Should the Birth Control Patch Be Pulled?

Maybe, but women should remember that the pill and the ring raise the risk of blood clots, too.

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Corrected on 5/12/08: An earlier version of this blog incorrectly reported that dosgestrel was an estrogen instead of a progestin.

News is looking worse and worse for the contraceptive patch made by Ortho Evra. Well-known consumer health advocate Sidney Wolfe petitioned the Food and Drug Administration yesterday to remove the patch from the market, saying that there's enough research to show that patch users have unacceptable higher risks of dangerous blood clots than those who take birth control pills. The FDA has already slapped a warning label on the patch that's been updated several times to reflect new studies finding that women who wear the patch have about double the risk of developing the clot condition called venous thromboembolism. That's most likely because the patch exposes them to 60 percent more estrogen than what they'd get if they were on a pill containing 35 micrograms of estrogen.

Wolfe wrote in his letter to the FDA that although "demand for the patch has dropped dramatically, from over 9.9 million prescriptions filled in 2004 to 2.7 million prescriptions filled in 2007," the patch is still among the top 200 brand-name drugs prescribed in the United States. I also previously blogged on a study showing that patch users were far more likely to be bothered by breast pain, nausea, and longer and more painful periods than those who used the vaginal ring, another kind of hormonal contraception. And Wolfe cites other research showing patch users are also more likely than pill users to have these side effects.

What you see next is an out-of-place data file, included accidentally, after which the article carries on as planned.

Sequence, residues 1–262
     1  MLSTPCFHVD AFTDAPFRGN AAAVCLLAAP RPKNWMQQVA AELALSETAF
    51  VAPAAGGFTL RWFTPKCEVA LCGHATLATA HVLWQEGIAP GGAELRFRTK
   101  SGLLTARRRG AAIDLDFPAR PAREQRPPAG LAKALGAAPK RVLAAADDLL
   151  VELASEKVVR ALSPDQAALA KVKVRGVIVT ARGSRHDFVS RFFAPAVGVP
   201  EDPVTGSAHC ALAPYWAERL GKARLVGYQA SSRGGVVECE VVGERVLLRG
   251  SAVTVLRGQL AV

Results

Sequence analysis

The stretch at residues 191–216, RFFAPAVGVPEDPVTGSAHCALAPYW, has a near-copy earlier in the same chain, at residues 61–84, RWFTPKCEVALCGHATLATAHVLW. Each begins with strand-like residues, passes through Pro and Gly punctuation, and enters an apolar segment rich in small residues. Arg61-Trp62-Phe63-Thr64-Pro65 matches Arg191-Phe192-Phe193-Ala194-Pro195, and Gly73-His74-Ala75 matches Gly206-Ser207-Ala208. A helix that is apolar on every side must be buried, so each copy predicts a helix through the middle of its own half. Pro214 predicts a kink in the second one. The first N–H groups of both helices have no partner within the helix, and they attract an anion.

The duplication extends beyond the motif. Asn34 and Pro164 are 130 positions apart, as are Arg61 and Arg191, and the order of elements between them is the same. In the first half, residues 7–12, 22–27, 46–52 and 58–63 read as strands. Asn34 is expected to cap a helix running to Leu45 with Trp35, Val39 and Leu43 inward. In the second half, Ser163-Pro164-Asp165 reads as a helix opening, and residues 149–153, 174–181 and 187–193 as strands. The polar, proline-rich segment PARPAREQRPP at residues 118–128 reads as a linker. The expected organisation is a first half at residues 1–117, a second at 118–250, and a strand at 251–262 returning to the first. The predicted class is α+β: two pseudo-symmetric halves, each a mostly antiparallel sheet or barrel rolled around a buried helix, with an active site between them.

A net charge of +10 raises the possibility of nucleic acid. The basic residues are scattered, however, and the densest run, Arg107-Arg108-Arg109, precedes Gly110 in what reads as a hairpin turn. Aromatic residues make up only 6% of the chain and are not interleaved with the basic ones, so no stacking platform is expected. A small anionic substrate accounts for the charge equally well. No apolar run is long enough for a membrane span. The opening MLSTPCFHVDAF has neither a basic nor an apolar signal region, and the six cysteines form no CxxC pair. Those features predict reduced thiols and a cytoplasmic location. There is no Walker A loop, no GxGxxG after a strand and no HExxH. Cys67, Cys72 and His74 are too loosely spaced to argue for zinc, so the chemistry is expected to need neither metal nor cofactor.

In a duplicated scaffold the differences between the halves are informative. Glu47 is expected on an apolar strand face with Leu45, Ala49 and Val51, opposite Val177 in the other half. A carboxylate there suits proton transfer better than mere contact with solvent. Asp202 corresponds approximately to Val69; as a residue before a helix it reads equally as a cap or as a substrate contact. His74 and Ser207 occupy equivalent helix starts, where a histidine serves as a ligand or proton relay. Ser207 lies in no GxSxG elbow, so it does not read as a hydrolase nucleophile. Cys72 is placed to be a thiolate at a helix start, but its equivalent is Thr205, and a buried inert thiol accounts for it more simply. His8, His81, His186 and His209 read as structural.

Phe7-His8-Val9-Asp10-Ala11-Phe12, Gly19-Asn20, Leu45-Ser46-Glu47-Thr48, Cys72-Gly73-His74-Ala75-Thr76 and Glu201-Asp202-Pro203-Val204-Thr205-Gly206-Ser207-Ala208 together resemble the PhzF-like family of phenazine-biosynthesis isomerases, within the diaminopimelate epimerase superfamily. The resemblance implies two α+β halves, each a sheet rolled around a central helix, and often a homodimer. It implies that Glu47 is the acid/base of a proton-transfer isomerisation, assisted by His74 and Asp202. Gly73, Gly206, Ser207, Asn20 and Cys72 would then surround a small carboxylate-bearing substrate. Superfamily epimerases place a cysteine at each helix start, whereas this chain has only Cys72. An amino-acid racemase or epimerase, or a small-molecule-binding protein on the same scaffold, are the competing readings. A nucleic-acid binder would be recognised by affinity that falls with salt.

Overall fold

So is this the death knell for the patch? The FDA hasn't yet responded to Wolfe's petition, so the jury's still out. But I think women may hear this news and think—wrongly—that blood clots aren't an issue if they take the pill or use the ring. After all, Wolfe petitioned the FDA last year concerning birth control pills that contain a new formulation of progestin called desogestrel, that, like the patch, have been shown to double the risk of blood clots. While these are indeed extremely rare for most women, those who fall into certain categories could be at significantly higher risk. These include:

• Smokers: Never take hormonal contraceptives if you smoke; the combination of the two increases the risk of blood clots, heart attacks, and strokes, especially if you smoke more than 15 cigarettes a day and/or are over age 35. Of course, quitting cigarettes will do your heart far more good than avoiding the pill will.

• Those with a family history of blood clots: Did your mom have them? Your sister, your aunts? If so, you could have a genetic predisposition to them. Check with your doctor to see if you can safely take hormones.

• High blood pressure: Blood clots may not be an issue here, but hormonal contraception can up the risk of strokes, especially in those who already have a history of hypertension.

If you don't fall into one of these categories, you can probably relax about the blood clot risks. The typical risk associated with the pill is about 1.5 in 10,000, so even a doubling of a risk would only increase your risk to 3 in 10,000. Those are odds I can live with—considering they're still lower than the risk of developing blood clots during pregnancy.